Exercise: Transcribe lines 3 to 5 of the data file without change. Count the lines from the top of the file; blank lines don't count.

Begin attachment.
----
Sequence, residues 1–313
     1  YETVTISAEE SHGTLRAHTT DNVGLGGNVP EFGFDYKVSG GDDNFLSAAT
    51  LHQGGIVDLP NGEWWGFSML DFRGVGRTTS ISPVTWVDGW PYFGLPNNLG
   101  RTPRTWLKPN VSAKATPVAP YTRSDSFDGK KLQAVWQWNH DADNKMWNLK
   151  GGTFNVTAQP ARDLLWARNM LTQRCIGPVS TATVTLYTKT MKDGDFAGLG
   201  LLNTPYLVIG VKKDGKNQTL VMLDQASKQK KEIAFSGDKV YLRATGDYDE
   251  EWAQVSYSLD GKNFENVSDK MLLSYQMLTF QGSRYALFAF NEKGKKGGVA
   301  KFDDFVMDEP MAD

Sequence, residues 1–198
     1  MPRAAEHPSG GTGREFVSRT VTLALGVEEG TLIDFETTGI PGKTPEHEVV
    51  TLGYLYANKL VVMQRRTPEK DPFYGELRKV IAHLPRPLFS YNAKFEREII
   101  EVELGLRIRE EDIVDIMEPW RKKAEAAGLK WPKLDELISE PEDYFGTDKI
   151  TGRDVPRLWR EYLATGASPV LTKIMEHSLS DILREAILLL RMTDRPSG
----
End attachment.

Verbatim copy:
    51  LHQGGIVDLP NGEWWGFSML DFRGVGRTTS ISPVTWVDGW PYFGLPNNLG
   101  RTPRTWLKPN VSAKATPVAP YTRSDSFDGK KLQAVWQWNH DADNKMWNLK
   151  GGTFNVTAQP ARDLLWARNM LTQRCIGPVS TATVTLYTKT MKDGDFAGLG